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Emotional Regulation is not just stopping action tendencies before you act in a foolish/unproductive/unbeneficial way. It is an integral part of the entire emotional mechanism to include other components of the regulation process. It includes dealing with the object that triggers the emotion (avoiding a car in our path). It includes managing biased appraisal with re-appraisal, re-evaluation or reframing or changing our way of thinking. It includes managing and calming our physiological reaction (deep breathing, relaxation techniques). And it also includes managing our action tendencies (avoid yelling or hitting).
We naturally try to regulate our emotions for ourselves as well as others – keeping them in balance and away from extremes. We try to feel better after disappointment or try to contain our love until our partner reciprocates. We try to deescalate a provocative situation. We try to regulate by tempering difficult negative feelings, such as toning down fear in an emergency situation or by amplifying them, in a situation that we want to throw a tantrum to get our way. We can change our feelings by looking at the worst-case scenario or by looking at the full half glass.
We regulate our emotional state to remain calm, to our advance our goals or best interest in the long run and other examples such as pushing ourselves to wake up in the morning to work when we don’t want, or to cheer our kids when they are sad, to maintain certain behavioral standard or adhere to a social norm.
Dialectical Behavior Therapy (DBT), a specific type of cognitive-behavioral psychotherapy developed by psychotherapist Marsha M. Linehan, helps individuals develop skills for emotional regulation. It explains the function and purpose of emotions, the impulsive action that accompanies the emotions, and more importantly to re-evaluate the urges to act considering our best self-interest.
The following three emotional management skills were designed to reduce vulnerability, increase resiliency and improve overall mental health: We regulate our emotional state to remain calm, to our advance our goals or best interest in the long run and other examples such as pushing ourselves to wake up in the morning to work when we don’t want, or to cheer our kids when they are sad, to maintain certain behavioral standard or adhere to a social norm.
Label your Emotions
A powerful tool in emotion regulation is simply identifying and naming the emotion you are feeling. The idea behind this skill is to manage emotion by first recognizing the emotion, and name it, which allow access to the “cognitive brain” and move out of the “emotional brain.”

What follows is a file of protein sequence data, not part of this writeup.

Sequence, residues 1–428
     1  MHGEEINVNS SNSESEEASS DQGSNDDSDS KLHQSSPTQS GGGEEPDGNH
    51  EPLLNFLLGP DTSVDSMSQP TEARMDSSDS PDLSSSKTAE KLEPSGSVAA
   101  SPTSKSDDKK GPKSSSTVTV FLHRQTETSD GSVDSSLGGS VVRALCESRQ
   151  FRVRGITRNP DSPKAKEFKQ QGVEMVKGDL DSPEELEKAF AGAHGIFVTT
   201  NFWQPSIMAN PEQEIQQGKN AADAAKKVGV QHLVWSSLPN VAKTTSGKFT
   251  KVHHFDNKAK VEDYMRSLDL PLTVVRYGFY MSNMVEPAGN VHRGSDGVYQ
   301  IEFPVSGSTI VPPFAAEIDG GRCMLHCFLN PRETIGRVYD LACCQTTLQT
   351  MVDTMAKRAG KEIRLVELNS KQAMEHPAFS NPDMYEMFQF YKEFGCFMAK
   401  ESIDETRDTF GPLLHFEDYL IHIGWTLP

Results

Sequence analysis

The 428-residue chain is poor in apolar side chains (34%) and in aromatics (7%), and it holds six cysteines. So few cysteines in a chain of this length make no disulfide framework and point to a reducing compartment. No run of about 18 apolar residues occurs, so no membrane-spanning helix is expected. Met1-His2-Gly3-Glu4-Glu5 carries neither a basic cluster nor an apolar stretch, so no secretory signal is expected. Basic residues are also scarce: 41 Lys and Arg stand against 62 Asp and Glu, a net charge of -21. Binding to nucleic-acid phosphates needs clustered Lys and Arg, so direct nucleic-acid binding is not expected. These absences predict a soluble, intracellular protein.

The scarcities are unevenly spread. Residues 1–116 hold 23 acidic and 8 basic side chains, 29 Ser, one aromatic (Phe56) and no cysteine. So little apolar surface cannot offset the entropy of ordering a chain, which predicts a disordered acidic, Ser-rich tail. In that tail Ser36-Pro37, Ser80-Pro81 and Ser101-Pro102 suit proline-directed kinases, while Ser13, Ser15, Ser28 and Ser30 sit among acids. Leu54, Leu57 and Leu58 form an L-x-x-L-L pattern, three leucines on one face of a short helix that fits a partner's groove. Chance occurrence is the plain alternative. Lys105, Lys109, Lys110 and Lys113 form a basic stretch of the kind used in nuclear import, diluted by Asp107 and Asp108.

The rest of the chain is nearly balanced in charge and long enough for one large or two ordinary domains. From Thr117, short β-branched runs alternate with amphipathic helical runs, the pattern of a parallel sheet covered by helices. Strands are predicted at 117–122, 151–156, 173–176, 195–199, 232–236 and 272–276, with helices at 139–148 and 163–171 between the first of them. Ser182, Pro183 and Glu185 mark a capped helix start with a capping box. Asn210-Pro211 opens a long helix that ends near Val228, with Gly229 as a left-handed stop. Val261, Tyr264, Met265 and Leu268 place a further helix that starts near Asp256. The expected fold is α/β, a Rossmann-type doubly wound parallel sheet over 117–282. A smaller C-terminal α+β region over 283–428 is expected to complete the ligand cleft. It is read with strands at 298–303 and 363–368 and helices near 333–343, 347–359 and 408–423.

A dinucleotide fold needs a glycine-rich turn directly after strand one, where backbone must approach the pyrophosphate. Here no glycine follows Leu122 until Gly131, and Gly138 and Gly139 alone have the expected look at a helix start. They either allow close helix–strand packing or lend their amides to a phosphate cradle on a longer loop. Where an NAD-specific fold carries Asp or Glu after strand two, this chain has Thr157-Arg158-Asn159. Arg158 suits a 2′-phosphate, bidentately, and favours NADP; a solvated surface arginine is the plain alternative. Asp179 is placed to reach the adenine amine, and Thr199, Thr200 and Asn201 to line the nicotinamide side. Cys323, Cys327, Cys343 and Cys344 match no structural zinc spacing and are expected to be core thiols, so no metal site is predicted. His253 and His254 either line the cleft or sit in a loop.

Based on Tartakovsky, mindfulness is described as simply living your life in the present moment instead of being stuck in the past or the future. This concept helps us become more aware of our emotions and thinking patterns and make us understand how our feeling and thoughts and feelings affect each other and impact our reactions. Some aspects of mindfulness include objective observation, non-judgmental perspective, and open and curious attitude.
Ride the Wave
Riding the wave is a concept and skill that is part of a larger psychotherapy model of DBT that metaphorically compare emotions to the waves in the sea. Just as the waves in the sea change, so do our emotions. Similar to waves, our emotions can be calm and peaceful one moment and at another rocky and unpredictable. Individuals may be flooded with negative emotions, such as feelings of hopelessness and stress. If you are like a surfer can ride the waves of emotions, you can use the power of emotions and channel them constructively rather than resisting it. Surfing the wave involves observing and experiencing the feelings without resistance or trying to change it. You allow yourself to feel the feelings, which allows the emotions to fulfill their task and naturally dissipate while reaching their natural conclusion. Riding the wave may seem counterintuitive, as accepting painful emotions, but in the long run, it allows for freedom from suffering.
The above DBT –
emotional regulation skills are simple but not easy. As you practice those
skills, you will gain greater ability and confidence in dealing with your difficult
emotions. So be patient, and you will find the reward of managing your emotions
to better your life